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Search across many Helmke Library databases to find both primary sources and scholarly materials. After searching, try the filters at the left hand side. This is also a good place to look for items found in footnotes or a bibliography. If you don't find the full text of the item you're looking for, make a Document Delivery request.
The Dictionary of Old English (DOE) defines the vocabulary of the first six centuries (600 - 1150 A.D.) of the English language. The DOE covers eight of the 22 letters in the Old English alphabet and currently there are 12,568 headwords included online.
The Dictionary of Old English Web Corpus is an online database consisting of at least one copy of every surviving Old English text. In some cases, more than one copy is included, if it is significant because of dialect or date. The DOE Web Corpus represents over three million words of Old English and fewer than a million words of Latin.
"The Oxford Dictionary of Art is the unrivalled one-volume guide to the art of the Western world. It provides a careful balance of fact and critical appraisal, ranging across painting, sculpture, and the graphic arts from classical times to the present. Almost 3,500 entries provide the reader with readily accessible information, written in succinct and readable prose, about styles, techniques, collections, artists, and critics. Ideal for students, picture researchers, and art lovers in general."--Jacket.
This dictionary traces word usage from first recorded appearance to the present, offering examples from recognizable sources, etymological analysis, variant spellings, and pronunciations. Includes over twenty volumes.
Presents citations and images for over 125,000 works from such sources as Pollard & Redgrave's Short Title Catalog (1475-1640), Wing's short-title catalog (1641-1700), and the Thomason Tracts (1640-1661).
The Digital Scriptorium is based out of Berkeley. It contains, "medieval and renaissance manuscripts that unites scattered resources from many institutions into an international tool for teaching and scholarly research." It pools resources from some of the top libraries, including: Columbia, Harvard, the New York Public Library, the Library of Congress, the University of Pennsylvania, Yale University, and others.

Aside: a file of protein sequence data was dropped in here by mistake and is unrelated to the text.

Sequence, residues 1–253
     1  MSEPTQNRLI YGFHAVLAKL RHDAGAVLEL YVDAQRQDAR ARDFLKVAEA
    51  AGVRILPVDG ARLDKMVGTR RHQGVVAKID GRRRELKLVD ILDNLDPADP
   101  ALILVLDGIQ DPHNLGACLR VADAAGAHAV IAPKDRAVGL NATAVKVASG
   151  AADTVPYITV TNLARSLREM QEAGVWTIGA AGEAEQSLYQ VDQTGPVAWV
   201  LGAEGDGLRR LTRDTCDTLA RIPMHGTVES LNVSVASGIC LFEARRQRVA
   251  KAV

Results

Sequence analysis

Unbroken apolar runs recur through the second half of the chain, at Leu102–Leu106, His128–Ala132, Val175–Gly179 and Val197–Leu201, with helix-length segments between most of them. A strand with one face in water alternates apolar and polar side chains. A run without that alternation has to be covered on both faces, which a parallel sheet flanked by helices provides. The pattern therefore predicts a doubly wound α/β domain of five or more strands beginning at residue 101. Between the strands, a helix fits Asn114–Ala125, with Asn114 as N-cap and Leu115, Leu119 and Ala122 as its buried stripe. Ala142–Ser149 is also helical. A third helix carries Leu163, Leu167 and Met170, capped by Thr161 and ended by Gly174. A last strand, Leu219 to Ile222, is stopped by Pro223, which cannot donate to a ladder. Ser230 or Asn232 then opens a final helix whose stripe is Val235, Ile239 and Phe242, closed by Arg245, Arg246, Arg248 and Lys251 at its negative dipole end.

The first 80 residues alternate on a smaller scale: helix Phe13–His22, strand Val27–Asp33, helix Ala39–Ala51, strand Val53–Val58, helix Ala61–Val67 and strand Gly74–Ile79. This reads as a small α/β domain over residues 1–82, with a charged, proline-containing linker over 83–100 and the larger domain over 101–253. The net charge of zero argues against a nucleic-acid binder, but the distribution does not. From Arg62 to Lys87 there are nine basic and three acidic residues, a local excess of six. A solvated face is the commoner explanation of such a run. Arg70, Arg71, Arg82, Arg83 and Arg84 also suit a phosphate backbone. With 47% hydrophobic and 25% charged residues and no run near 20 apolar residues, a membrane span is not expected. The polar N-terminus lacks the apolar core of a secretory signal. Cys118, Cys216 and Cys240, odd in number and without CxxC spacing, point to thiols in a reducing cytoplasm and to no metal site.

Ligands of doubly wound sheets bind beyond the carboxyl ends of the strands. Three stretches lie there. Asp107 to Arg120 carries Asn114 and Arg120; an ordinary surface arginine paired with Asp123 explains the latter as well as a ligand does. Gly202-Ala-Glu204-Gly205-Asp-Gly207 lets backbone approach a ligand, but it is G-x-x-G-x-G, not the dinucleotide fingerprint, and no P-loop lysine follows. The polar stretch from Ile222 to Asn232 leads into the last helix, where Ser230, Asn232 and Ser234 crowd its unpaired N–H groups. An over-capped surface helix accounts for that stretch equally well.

Compiled by Richard Hacken at Brigham Young University, History of Medieval & Renaissance Europe: Primary Documents is an excellent collection of primary documents in multiple languages. A must for the Medieval researcher.
This project, of the Dublin Institute for Advanced Studies, is to create digital images of Irish manuscripts, and to make these images - together with relevant commentary - accessible on the world-wide web.
The Abbey Library of St. Gall, with its 2,100 manuscripts, is among the oldest and most significant manuscript libraries in the world. Half of the manuscripts, or codices, were produced in the middle ages, with about 400 volumes produced before the year 1000 A.D. The goal of the "Codices Electronici Sangallenses" (Digital Library of St. Gall) project is to provide access to medieval and selected early modern manuscripts held by the Abbey Library of St. Gall via a virtual library.